“We’re real. We’re authentic. We’re cool – wait, I mean, we’re not cool. We’re just… real.”
Am I the only one who is tired of hearing how real everyone is? Maybe it’s because I’ve hit middle age and I’ve been marketed to all my life. Now that we’re in the post-modern-post-information-post-toasties generation, marketing no longer works and companies, churches, etc., have no choice but to be real – to actually provide the great service their advertising always said they did.
If I could eliminate two marketing strategies from now on, it would be green and real. Face it – if you haven’t jumped on the green bandwagon by now, you’re not going to. Personally, this one jumped the shark for me when the airline I worked for tried going green. Seriously? I thought, you burn jet fuel for a living! If you go green, you’re going to have to ground all your planes.
The “real” thing is starting to wear thin, too. We get it. You’re real. You’re really real. We’ll see.
Isn’t the “real” thing self-evident? Either you’re there when I need you or you’re not. If my insurance company I’ve paid faithfully for years without filing a claim suddenly finds a reason not to cover me when I have an accident or terminal illness or whatever, they’re not real. And no amount of marketing will convince my real friends, Facebook friends, Twitter followers, and blog readers that they are. And God help them if I’m connected to a Seth Godin or Michael Hyatt or someone else with a massive social media platform. Businesses simply cannot continue to provide bad service and expect to stay in business.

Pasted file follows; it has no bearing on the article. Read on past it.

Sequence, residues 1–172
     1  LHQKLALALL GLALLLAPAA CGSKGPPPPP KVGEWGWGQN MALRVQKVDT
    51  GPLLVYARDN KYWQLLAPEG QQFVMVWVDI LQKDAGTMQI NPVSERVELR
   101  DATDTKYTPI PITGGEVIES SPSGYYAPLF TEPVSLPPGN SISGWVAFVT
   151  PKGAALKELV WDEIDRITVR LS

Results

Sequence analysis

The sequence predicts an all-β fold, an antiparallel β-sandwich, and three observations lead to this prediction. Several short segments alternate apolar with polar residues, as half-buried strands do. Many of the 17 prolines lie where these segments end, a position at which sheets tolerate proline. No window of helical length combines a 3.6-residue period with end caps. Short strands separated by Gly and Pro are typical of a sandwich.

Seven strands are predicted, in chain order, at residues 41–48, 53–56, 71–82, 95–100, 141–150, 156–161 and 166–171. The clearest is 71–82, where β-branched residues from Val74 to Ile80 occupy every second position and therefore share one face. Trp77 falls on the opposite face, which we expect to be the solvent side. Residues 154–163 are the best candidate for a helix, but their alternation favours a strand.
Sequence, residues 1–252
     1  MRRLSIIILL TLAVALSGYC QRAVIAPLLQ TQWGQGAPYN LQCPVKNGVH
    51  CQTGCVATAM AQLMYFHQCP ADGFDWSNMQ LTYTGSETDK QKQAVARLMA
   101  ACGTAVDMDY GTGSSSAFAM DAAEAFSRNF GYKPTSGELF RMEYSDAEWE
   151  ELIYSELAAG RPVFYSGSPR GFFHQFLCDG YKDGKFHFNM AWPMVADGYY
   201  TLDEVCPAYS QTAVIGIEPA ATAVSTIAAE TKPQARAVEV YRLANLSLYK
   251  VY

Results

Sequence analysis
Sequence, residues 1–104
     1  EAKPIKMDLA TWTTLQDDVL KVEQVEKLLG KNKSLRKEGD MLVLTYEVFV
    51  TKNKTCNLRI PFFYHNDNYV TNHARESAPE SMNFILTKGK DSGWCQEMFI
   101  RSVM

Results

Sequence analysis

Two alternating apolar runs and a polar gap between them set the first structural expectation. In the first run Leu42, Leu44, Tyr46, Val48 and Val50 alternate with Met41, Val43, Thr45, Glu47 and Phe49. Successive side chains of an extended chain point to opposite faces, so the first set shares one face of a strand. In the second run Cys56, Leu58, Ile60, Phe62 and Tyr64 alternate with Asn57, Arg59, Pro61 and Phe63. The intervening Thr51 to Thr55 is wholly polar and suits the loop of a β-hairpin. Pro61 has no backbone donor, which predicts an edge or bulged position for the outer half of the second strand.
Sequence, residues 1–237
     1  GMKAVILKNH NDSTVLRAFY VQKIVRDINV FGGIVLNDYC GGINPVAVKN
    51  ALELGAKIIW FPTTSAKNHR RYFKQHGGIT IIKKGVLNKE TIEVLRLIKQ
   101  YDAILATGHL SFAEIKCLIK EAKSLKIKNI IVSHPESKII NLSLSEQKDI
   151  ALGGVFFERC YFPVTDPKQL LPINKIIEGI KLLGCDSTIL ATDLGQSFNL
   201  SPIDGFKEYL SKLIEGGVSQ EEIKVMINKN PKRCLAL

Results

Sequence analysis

If my church claims to be real and authentic, you can be darned sure I’ll find out if they are. Sooner or later, I’ll need a friend for something. If you’re not there then, you lose. I had an experience, years ago, when my car broke down and I had to get to work. Being a pretty active member of my church, I thought I’d call the church and see if there was anyone there on a weekday who could spare a half hour to give me a ride. The receptionist who answered told me everyone was at lunch – there was no one available. I later found out that one of the pastors, a friend of mine, was sitting in his office down the hall and gladly would have helped me had the receptionist bothered to come ask or even transfer the call to him. Thankfully, that wasn’t my only interaction with the staff there, but it sure was a missed opportunity to be real.
So, my point with this little rant is this: If you’re going to tell everyone how real and authentic you are, please be prepared to back it up. Otherwise, it’s time to fire your marketing department.